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Approximately one in nine men in the U.S. will develop prostate cancer in their lifetime, according to the National Cancer Institute, and more than 2.9 million patients diagnosed with it at some point are still alive today. And from a treatment perspective, it tends to be problematic — prostate cancer is frequently non-aggressive, making it difficult to determine which, if any, procedures might be necessary.

Google has made headway in diagnosing it, encouragingly, with the help of artificial intelligence (AI). In a paper (“Development and Validation of a Deep Learning Algorithm for Improving Gleason Scoring of Prostate Cancer“) and accompanying blog post, Google AI researchers describe a system that uses the Gleason score — a grading system that classifies cancer cells based on how closely they resemble normal prostate glands — to detect problematic masses in samples.

The goal, according to technical lead Martin Stumpe and Google AI Healthcare product manager Craig Mermel, was to develop AI that could perform Gleason grading objectively — and precisely. Human pathologists disagree on grades by as much as 53 percent, studies show.

“We developed a deep learning system (DLS) that mirrors a pathologist’s workflow by first categorizing each region in a slide into a Gleason pattern, with lower patterns corresponding to tumors that more closely resemble normal prostate glands,” they wrote. “The higher the grade group, the greater the risk of further cancer progression and the more likely the patient is to benefit from treatment.”


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Gleason patterns

Above: Examples of Gleason patterns.

The researchers developed the AI model by first collecting anonymized images of prostatectomy samples, which they noted contain a greater amount and diversity of prostate cancer than needle core biopsies. A group of 32 general pathologists provided annotations of Gleason patterns (resulting in over 112 million annotated image patches) and an overall Gleason group grade for each image. In order to mitigate variability, each slide was graded independently by 3 to 5 pathologists from a cohort of 29, in addition to a genitourinary-specialist pathologist.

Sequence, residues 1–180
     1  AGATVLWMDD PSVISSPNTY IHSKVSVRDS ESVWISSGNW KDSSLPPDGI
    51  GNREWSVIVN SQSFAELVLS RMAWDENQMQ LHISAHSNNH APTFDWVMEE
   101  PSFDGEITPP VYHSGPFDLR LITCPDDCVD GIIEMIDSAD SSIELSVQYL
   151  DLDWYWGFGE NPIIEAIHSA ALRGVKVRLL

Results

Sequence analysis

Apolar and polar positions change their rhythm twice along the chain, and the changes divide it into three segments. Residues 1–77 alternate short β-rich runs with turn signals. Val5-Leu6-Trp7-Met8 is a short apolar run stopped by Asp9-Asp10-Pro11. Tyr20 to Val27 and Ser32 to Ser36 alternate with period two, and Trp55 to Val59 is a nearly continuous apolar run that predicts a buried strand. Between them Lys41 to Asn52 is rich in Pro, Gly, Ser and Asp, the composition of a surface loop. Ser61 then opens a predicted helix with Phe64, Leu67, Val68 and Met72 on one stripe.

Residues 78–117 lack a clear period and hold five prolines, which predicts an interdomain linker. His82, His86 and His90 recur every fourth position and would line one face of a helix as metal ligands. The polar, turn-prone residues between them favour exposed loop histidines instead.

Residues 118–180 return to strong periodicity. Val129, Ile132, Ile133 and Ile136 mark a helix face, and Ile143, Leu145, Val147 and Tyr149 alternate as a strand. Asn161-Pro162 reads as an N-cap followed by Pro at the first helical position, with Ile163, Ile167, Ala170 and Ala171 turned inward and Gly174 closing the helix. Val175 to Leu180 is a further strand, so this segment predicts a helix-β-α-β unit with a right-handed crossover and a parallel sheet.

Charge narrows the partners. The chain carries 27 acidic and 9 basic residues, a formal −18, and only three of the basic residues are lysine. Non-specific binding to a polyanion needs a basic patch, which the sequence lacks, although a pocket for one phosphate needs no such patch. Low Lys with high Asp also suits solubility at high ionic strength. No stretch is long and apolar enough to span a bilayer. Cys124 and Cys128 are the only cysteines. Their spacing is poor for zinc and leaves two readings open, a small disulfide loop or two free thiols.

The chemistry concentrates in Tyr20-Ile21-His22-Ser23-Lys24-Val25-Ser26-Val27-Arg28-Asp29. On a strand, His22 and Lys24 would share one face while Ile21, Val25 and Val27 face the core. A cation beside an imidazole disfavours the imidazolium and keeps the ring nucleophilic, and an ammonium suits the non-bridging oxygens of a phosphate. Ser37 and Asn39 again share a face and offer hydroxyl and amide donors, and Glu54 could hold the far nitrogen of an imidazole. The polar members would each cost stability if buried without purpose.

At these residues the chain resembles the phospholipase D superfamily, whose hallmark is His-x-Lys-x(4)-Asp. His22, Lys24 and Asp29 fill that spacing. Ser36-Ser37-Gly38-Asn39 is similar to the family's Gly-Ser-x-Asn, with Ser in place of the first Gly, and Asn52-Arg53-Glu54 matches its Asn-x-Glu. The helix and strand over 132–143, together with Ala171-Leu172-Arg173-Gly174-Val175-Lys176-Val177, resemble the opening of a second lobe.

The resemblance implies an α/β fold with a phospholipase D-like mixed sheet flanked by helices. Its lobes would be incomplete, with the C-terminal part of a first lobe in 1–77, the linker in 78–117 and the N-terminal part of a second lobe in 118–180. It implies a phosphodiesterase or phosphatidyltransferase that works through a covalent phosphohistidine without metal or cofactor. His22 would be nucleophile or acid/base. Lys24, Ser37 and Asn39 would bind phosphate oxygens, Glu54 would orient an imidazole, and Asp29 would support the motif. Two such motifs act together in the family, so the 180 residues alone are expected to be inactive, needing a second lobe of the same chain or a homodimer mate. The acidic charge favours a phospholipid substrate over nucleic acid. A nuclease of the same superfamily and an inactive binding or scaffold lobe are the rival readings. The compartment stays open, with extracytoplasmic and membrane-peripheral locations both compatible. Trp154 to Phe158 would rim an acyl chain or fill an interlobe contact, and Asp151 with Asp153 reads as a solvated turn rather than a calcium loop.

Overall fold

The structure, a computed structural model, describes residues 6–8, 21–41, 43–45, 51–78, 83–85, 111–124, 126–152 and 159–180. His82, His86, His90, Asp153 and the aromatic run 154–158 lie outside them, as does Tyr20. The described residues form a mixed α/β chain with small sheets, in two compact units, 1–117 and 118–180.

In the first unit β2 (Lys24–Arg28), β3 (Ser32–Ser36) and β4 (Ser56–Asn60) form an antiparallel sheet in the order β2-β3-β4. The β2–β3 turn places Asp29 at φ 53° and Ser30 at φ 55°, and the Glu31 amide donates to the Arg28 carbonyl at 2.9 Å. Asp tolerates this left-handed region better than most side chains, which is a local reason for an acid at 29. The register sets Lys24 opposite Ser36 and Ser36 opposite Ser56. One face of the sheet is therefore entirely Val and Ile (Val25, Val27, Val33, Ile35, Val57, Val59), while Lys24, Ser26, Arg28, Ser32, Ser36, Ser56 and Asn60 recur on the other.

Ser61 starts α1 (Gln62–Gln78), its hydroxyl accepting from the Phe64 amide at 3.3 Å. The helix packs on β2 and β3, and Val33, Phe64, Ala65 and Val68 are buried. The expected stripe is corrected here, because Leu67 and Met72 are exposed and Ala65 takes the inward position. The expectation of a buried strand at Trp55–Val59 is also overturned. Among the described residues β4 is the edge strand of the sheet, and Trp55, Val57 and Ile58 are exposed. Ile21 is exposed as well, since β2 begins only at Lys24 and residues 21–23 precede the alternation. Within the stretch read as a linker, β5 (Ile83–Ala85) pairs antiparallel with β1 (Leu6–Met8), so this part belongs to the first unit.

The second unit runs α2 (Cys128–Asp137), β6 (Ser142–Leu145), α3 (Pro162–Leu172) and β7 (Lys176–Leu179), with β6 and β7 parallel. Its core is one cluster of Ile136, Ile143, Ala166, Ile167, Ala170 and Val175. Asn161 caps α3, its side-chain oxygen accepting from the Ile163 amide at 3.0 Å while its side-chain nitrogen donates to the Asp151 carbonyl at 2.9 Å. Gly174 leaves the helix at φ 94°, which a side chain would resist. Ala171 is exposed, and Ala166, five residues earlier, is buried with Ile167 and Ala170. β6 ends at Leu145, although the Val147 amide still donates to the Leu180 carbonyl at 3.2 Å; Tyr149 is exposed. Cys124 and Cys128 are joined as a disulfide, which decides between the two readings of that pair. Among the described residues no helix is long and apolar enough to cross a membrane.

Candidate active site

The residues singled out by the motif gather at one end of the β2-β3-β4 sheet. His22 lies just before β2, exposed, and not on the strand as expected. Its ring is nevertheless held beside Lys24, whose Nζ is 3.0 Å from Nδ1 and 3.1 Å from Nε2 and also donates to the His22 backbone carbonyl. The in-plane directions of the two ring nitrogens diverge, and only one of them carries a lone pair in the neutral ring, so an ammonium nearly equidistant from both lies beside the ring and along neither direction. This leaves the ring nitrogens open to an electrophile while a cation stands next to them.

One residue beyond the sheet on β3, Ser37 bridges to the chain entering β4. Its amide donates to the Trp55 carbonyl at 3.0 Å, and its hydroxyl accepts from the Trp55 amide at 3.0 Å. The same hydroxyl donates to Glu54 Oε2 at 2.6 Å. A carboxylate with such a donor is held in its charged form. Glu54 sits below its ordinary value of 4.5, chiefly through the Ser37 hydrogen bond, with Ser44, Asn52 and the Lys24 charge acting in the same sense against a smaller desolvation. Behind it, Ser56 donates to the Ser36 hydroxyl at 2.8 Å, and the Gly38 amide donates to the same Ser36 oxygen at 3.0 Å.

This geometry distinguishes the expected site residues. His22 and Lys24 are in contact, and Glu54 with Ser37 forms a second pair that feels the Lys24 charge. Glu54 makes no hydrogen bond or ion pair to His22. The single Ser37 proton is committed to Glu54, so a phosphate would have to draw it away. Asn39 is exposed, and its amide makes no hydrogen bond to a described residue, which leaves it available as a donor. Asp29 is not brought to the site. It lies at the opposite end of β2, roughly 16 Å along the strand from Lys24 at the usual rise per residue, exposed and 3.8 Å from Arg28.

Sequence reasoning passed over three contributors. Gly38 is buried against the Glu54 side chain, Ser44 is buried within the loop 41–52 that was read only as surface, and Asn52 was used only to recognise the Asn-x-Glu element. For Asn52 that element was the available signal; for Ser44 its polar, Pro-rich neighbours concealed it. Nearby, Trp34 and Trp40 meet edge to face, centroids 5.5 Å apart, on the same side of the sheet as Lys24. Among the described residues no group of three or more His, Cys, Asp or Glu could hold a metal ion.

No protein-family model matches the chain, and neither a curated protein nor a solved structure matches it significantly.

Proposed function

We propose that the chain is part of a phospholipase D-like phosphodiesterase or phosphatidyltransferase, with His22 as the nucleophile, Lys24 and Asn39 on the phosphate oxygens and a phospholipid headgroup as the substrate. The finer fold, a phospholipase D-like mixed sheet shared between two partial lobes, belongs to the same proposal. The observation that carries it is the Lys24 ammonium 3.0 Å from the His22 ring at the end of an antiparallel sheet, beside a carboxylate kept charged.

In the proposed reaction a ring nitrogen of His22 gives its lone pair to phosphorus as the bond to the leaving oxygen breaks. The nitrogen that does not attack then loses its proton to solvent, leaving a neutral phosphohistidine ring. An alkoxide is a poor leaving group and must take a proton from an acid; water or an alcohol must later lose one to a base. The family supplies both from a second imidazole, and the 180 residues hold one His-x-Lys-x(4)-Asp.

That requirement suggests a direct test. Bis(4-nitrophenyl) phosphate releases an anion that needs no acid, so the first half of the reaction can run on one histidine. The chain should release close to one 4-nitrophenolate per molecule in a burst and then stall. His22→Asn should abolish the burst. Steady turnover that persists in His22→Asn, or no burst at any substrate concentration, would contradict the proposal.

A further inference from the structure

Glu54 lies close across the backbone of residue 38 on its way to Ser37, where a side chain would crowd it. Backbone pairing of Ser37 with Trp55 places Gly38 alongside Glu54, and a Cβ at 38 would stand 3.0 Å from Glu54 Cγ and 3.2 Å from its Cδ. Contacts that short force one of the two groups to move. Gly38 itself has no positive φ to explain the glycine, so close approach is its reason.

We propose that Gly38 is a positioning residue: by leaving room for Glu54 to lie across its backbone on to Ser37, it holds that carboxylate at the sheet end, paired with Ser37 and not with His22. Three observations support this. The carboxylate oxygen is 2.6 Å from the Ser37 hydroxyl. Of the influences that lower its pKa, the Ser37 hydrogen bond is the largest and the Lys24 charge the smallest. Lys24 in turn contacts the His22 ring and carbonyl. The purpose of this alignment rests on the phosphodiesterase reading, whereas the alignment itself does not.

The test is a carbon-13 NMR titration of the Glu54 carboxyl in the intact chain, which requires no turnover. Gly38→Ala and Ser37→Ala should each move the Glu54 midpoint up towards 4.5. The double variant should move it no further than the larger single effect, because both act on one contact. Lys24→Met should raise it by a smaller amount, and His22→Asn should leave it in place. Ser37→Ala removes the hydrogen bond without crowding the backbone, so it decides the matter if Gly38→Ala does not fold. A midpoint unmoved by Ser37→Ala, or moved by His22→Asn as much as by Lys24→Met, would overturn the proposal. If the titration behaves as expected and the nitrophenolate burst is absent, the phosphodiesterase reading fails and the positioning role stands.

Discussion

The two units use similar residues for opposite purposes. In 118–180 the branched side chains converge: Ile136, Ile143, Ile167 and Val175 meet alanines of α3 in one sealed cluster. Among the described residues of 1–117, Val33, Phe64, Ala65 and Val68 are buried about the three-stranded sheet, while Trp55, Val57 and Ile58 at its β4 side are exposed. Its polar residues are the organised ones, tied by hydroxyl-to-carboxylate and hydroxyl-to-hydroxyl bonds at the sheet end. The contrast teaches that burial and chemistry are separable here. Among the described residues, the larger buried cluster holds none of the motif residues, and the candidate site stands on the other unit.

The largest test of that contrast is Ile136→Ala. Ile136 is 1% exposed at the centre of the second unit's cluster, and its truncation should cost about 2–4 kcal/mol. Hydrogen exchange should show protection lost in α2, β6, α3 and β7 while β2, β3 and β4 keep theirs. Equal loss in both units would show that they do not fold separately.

The results were promising. In testing, the AI model achieved an overall accuracy of 70 percent, beating the 61 percent achieved by the U.S. board-certified pathologists who participated in the study. Moreover, it performed better than eight of the ten “high-performing” individual pathologists who graded the validation set’s slide, and better identified patients at higher risk for disease recurrence after surgery. Finally, it was able to characterize tissues that straddled the line between two Gleason patterns — e.g., Gleason pattern 3.3 or 3.7, between 3 and 4.

Future work will investigate how the system might be integrated into pathologists’ diagnostic workflows; how it might be adapted to work on diagnostic needle core biopsies; and its overall impact on “efficiency, accuracy, and prognostic ability.” The researchers warn, though, that its accuracy stands to be improved with additional training data.

“There is much more work to be done before systems like our DLS can be used to improve the care of prostate cancer patients,” Stumpe and Mermel wrote. “Nontheless, we are excited about the potential of technologies like this to significantly improve cancer diagnostics and patient care.”

Google and Deepmind, its AI research subsidiary, are involved in several health-related AI projects, including an ongoing trial at the U.S. Department of Veterans Affairs that seeks to predict when patients’ conditions will deteriorate during a hospital stay. Previously, Deepmind partnered with the U.K.’s National Health Service to develop an algorithm that could search for early signs of blindness, and to improve breast cancer detection by applying machine learning to mammography.

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